Second largest saving: $1791 in cash and gift cards recovered by selling items from the Great Household Purge. We've been thining out our household inventory and getting rid of the waste we have accumulated. Learn more from these posts:

Third largest savings: $1300 from mixing and matching employer benefits. See

Most caffinated savings: $5.56 from buying no new coffee filters in 2008. I developed a process to re-use paper coffee filters over and over and the coffee tastes just fine.

Dumbest savings: $32. Canceling the paper that no one read, no one used, and had to be taken to be recycled. Duh!

Most delicious saving: $30. Picked gobs and gobs of apple from wild trees and they were so good. These trees aren't sprayed so they were as good as organic although some looked a little gnarly.

Quickest savings: $20 in 3 seconds. When I had my Toyota's timing belt replaced at the recommended mileage, I asked, "Could I get a free oil change with that?"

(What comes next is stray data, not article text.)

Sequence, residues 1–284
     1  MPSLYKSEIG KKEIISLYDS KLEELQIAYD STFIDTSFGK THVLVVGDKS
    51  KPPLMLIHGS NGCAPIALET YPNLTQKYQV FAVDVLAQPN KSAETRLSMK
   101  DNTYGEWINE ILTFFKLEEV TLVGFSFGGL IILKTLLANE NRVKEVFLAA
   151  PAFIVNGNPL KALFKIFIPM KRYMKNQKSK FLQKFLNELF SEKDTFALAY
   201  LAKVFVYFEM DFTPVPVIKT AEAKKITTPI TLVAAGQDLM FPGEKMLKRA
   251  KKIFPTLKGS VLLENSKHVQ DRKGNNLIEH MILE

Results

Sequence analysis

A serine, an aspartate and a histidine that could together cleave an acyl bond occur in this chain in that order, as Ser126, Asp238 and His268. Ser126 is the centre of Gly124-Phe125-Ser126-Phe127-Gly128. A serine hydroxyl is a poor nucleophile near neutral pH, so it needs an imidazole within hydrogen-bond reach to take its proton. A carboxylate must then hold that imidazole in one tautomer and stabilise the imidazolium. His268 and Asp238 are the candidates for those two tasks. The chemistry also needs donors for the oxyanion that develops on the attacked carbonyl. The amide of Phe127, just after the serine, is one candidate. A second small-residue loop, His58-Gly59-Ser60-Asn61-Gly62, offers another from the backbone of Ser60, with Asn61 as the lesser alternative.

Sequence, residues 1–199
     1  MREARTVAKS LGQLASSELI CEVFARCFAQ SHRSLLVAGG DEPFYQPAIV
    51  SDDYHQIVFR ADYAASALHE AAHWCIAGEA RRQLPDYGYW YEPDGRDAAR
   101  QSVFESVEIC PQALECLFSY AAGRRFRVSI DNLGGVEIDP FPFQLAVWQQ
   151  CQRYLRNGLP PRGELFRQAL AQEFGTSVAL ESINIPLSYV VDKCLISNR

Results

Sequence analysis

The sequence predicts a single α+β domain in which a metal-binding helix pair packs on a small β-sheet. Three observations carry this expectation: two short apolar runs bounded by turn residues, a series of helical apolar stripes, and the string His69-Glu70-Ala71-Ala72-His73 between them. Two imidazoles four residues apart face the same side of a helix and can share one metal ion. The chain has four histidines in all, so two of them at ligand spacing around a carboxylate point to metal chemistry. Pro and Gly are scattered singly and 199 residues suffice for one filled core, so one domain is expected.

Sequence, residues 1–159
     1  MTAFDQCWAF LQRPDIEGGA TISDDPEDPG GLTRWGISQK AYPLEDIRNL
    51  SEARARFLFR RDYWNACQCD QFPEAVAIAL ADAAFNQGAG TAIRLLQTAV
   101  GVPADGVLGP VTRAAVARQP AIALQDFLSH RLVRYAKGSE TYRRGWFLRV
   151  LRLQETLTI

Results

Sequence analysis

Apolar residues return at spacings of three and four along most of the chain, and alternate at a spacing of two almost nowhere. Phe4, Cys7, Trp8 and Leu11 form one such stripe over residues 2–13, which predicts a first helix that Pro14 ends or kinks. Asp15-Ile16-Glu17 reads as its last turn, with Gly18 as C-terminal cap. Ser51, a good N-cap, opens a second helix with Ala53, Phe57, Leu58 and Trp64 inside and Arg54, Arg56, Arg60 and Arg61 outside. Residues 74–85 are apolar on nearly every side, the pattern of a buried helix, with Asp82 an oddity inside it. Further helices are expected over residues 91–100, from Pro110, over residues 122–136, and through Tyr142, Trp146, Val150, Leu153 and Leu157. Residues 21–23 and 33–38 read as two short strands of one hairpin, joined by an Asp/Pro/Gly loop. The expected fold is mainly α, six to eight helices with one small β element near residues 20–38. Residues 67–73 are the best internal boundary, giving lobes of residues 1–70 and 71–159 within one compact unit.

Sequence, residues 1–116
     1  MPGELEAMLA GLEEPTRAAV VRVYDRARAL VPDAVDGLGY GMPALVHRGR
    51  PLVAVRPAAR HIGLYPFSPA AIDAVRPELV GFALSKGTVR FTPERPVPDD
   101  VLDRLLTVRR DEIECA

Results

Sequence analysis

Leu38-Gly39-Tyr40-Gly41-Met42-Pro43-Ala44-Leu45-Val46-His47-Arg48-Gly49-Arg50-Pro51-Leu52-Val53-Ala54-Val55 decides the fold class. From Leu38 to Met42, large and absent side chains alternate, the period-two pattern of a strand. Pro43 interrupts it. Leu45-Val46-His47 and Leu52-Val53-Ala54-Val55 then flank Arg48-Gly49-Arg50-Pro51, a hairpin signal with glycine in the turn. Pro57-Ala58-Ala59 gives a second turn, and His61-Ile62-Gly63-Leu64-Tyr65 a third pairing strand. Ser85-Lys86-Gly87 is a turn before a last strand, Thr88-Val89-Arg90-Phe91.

Random savings: $30-$50. My neighbor would get surplus groceries and they would bring them over to us what they didn't need. I didn't keep real good track but it saved us a bunch on eggs, soda pop, hash browns and other food.

Wettest savings: $840. My wife save this much off our annual YMCA membership by teaching periodic swim lessons, something she loves to do.

Most fun cash recovery: $22.00. Going though items to donate in the basement and found cash in a old bag. Sweet.

Teenage cash kaizen: $100. Asking the bank manager for any coupons for free cash for my son opening his first account. She had one coupon left for a free $100 for a new checking acct of $100 or more. Cha-ching.

Try using continuous improvement or kaizen at your home in 2009. Ask yourself these questions to find ways of improving. Here's some easy questions to ask yourself and your family as you start your journey...

  • Can I do this easier?
  • Is there a better, faster, or cheaper way?
  • Is there an alternative?
  • What can we do to reduce wasted time, energy, and money?

Soon, you'll be traveling down the Kaizen Way!

Dan Lafever, Kaizeneer

Chill out: Simple changes make your house warmer